Worth A Look: 24.66%
Pretty Bad: 19.86%
Total Crap: 8.22%
8 reviews, 98 user ratings
|What Lies Beneath
Robert Zemeckis has been producer for several horror movies, none of them particularly great examples of the genre ("House on Haunted Hill," "Bordello of Blood," etc.), but at least passable diversions, suggesting that to whatever extent he's been involved in the films as a producer, he has some idea what works and what doesn't.When it comes to directing, though, he's stuck to more soft-hearted fare: "Forrest Gump" and the "Back to the Future" trilogy, for example.
"Lots of cheating to force you into thinking you're scared."
So now that he's actually directing a thriller himself -- "What Lies Beneath," starring Harrison Ford and Michelle Pfeiffer -- we discover something that is true of a lot of areas of life: Just because you can supervise a project doesn't mean you'd be good at doing the work yourself.
Ford is Norman Spencer, a medical scientist who lives with his wife, Claire (Pfeiffer), a former Juilliard-trained cellist, in Vermont. When their daughter goes off to college, Claire starts to experience "empty nest" symptoms: i.e., she hears voices and, eventually, sees images of a young woman's ghost.
At first she thinks it's the woman who lives next door, whom she suspects was killed by her husband. (There's the first of several Hitchcock homages -- or are they rip-offs? -- with the "Rear Window" connections.) When the woman turns up alive, Claire has to figure out who the ghost is, then.
The film's first half builds up some real suspense -- almost unbearable, at times, as creepy things start happening and we just KNOW there's going to be a ghost popping up any moment. It also blends in some nice gallows humor when Claire and her friend Jody (Diana Scarwid) hold a Ouija Board-assisted seance to summon the ghost, not to mention Claire obsessing over the not-dead neighbor wife. Claire's visits to a psychiatrist are wryly humorous, too, proving Pfeiffer to be a worthy actress for an intelligent thriller.
Unfortunately, the film's second half regresses into a standard woman-in-peril movie, and Pfeiffer, good as she is, has no choice but to run around, scream, tiptoe past supposedly (but of course not quite) dead people, and everything else you've seen a thousand times before. Truly a waste of good talent.
And speaking of wastes, let's talk about Harrison Ford. The film wins points for casting him against type -- an adulterer who may have dark secrets -- and to be honest, I take perverse delight in seeing such a quintissential Good Guy playing a more-or-less bad guy. The problem is, he's only given a few scenes in which to show that side of himself, and it doesn't come across very well -- probably because it's only a few scenes. We need time to work up to the idea of a bad Harrison Ford, and by the time we've settled into it, the movie's over.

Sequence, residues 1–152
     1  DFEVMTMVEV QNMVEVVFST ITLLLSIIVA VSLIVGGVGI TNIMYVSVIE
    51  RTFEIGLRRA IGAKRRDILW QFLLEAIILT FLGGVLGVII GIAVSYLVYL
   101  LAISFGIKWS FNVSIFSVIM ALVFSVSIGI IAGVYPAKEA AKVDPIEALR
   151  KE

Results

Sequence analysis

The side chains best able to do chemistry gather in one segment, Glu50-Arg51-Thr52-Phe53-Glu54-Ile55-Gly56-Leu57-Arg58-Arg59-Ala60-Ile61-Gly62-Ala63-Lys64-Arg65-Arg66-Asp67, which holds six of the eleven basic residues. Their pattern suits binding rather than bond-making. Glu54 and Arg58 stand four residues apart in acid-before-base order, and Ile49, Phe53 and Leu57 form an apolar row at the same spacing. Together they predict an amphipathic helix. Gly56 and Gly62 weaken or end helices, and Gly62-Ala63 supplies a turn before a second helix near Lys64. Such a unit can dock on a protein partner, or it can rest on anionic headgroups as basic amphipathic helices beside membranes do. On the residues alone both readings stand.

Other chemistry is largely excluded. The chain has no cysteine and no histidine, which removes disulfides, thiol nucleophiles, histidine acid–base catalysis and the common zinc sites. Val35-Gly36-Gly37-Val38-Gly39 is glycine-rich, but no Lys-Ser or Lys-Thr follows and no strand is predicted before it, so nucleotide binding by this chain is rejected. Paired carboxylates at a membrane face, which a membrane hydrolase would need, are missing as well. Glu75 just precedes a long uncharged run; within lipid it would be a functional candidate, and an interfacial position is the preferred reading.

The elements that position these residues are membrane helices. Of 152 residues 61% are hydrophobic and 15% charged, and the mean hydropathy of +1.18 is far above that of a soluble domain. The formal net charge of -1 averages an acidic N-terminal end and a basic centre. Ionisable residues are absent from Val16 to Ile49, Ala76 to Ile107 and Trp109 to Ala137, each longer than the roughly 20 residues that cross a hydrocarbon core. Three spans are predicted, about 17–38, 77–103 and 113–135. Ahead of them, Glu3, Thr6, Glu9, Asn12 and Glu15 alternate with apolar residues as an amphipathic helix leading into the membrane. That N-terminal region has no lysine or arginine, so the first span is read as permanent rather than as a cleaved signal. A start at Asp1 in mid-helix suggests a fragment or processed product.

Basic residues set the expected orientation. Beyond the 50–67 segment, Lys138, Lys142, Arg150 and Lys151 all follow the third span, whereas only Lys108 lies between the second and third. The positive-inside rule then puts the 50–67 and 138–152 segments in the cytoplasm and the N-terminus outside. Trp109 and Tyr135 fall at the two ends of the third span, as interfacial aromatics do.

Zemeckis has been around horror movies enough to know what makes them scary. But it would seem he's only learned the little tricks, without learning the substance behind them -- like a magician who, sure enough, can make the right card turn up at the top of the deck, but doesn't know about the showmanship that has to surround such a trick to make it entertaining.
Here's a standard scary-movie device you've certainly seen before: The camera is on a character, who turns to look at something somewhere else. The camera follows her as she moves. When she and the camera move back again, something has changed -- a person has appeared in the doorway, or whatever. And we jump, because we, like the character, remembered the room looking a certain way, and when we come back to it, we expect nothing to be different. It's an effective jump-inducer, used once or twice in a movie.
"What Lies Beneath" uses this technique at least a dozen times. By the end, it literally becomes ridiculous. When you show us a woman walking down the stairs BACKWARDS, the camera trained on her feet, we KNOW a hand is going to reach up suddenly and grab her ankle. We also know it's going to happen really fast, and be accompanied by a loud shriek of music, practically forcing us to scream. It's a cheap trick, and it's way too overused in this movie. Didn't Zemeckis learn anything else?
Yes, he did. He watched "Psycho" a few times. The connections are too many to be coincidental: a main character named Norman, an overhead shot of Norman carrying someone up the stairs, mirrors in almost every scene, a woman stumbling out of a tub and pulling the shower curtain down with her -- what's the deal here? The film bears no resemblance, in plot or theme (or quality, to be catty), to "Psycho," so why borrow from it? Especially when what he DIDN'T borrow is "Psycho's" great tension and delicious eeriness.
I like the idea of Ford and Pfeiffer playing a married couple, and they do it very well for a while, before things turn crazy. Then Pfeiffer turns into a "Scream" victim, and Ford is just a big stupid lump.
"What Lies Beneath" has some fine moments. A scene in which Claire is temporarily possessed by the spirit of the dead woman is hysterically weird, and there really are some scenes of true, honest, palpable tension. But they are simply outnumbered by the manipulative "jump" moments that reveal the filmmaker's unwillingness to try anything new.You'll jump during the movie. If you're a woman, you'll scream. (This has been field-tested: I watched the audience I was with at the screening.) For cheap thrills with absolutely no substance, it's a fine film. But fans of terror and suspense have seen it all before, and better.
link directly to this review at http://www.efilmcritic.com/review.php?movie=3873&reviewer=247
originally posted: 07/07/03 12:43:33